Welcome to SBC’s The Panel, a chance for you to put your burning questions – comics-related or otherwise – to a group of comics professionals.

The Panel lives or dies by your contributions; please email them to [email protected] and we’ll add them to the list…

This week’s question comes from Michael O’ Sullivan and is as follows:-

“Why aren’t comic books and graphic novels accepted by the mainstream in the UK/US as an important art-form, like they are in France and the rest of mainland Europe? Why are comic readers stigmatized? People reading trashy magazines are fine, but reading a comic makes people think you are some type of outcast with no mates or intelligence!”


Bart Thompson:

I live in the US and the only other country I’ve ever visited and lived was Canada, so that doesn’t count. We face the same problem in the US, so I’ll try to answer this from my perspective and excuse me if I start getting angry… this is a subject that irks me terribly.

Why do Americans love and embrace every form of entertainment (movies, music, novels, etc), but comics and graphic novels… which is an American made creation… is cast aside like a ‘headed stepson’? So many possibilities, so many generalizations, and so little time! First off, I think it goes back to the fact that in general, AMERICANS DON’T READ ANYMORE! Hell, I’m guilty of this too… it’s been some years since I’ve actually sat down and read a book without any pictures at all. But I read constantly- I’ve always loved reading and I do read tons of online articles, trade publications, magazines, comics, hell, I even have subtitles on when I watch DVDs. Public schools are changing from the way they were when we were children. Things have become so sterile and PC it’s sickening. They bring in dress codes but they take out things like dodge ball & kickball (it gives certain kids an advantage and picks on other unfortunate kids or some crap like that), music programs (like chorus and band practice), and the school libraries. If the kids don’t have access to things like this, where are they going to find an appreciation for it? Sports… they have football and basketball… not all of us are 6 ft tall and 250 lbs. I kick but in nearly ANY sport BUT football and basketball. What about kids that were like me? Where are the boxing classes? The martial arts classes? Music… they may or may not still have chorus, which I took back when I could sing, but what about band? Sure people made fun of the band people, but without the band kids we wouldn’t have the Alicia Keys and Mike Shinoda’s and the Dr. Dre’s of the world. Same for reading… it’s harder and harder to convince kids to read, and if the option isn’t given at every opportunity, we’re going to lose the next generation. I think the current industry is making half assed attempts at getting the youth readership back into comics. We need something on a grand scale. Scholastic’s agreement with companies to list graphic novels and trades is a step in the right direction. We need more. DC and Marvel need to come together and do a ‘Save the Reading’ campaign like VH1 has the ‘Save the Music’ campaign. They need to start visiting local school and giving away comics to kids and they REALLY need to go to children hospitals and donate comics. Libraries need books… they’ll order things that people suggest because most people either don’t know or are too lazy to just ask. Libraries WANT people to read and they WANT suggestions. They’re quick to actually purchase books from people who suggest them, I’m sure if a large company wants to GIVE them a donation of graphic novels to place on their shelves, I doubt they’d turn them down.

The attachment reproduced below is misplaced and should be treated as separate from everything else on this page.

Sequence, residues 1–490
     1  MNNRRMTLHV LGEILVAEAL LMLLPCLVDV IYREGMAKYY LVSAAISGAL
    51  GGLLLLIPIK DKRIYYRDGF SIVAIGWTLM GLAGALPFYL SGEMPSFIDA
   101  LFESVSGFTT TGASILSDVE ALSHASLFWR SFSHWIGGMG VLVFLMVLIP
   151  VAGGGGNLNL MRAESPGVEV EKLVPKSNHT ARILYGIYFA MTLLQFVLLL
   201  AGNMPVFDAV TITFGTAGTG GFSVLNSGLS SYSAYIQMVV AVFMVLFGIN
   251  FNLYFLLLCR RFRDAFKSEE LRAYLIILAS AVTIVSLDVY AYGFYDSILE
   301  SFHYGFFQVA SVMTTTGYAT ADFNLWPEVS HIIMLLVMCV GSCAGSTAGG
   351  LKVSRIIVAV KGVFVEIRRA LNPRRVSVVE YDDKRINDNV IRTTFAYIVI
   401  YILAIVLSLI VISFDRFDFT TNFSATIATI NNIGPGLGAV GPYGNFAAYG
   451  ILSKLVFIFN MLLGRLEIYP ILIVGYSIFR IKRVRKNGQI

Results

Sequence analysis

As for why people look down on comics and the people who read them, look at how most collectors treat their comics. Things are improving… our image is changing from all the comic movies from the past 5 years. But the stigma still remains. Most collectors horde their singles, read them, and file them away never to be seen again. Comic fans are too exclusive and secretive with their collections. We let friends listen and borrow our music. We invite people over for DVD night. How can we get our family and friends involved with our comic collection? Also, most people think comics is nothing but an adolescent male power fantasy about grown men in tights. Sadly most of our best selling comics support that idea. We have to keep creating and pushing comics that don’t fit that mould. Find out what your friends like and let them borrow comics in that area. We have Preacher, Sin City, Stray Bullets, Dogwitch, Strangers in Paradise, Midnight Nation, Dawn, the Walking Dead… hell, even Vampires Unlimited, Chaos Campus: Sorority Girls vs. Zombies, and ChiSai. The industry needs more evangelists to spread the real gospel of comics. So lets get on the ball.

P.S. Why doesn’t comics have a cable TV station for comic related shows and comic related movies? Teen Titians, Batman Animated Series, the Flash, etc.?

Bart Thompson is the founder of Approbation Comics and creator of “Vampires Unlimited”, “the Metamutoids”, “ChiSai”, and “Chaos Campus: Sorority Girls vs Zombies”. The Myriad 6-issue anthology will be released early 2005, so be sure and pick those up!


James E. Lyle:

Well, Michael O’Sullivan, you’ve asked a question that I’ve heard debated for years. I have to say that even in mainland Europe that this assertion depends on what sort of comics we’re discussing.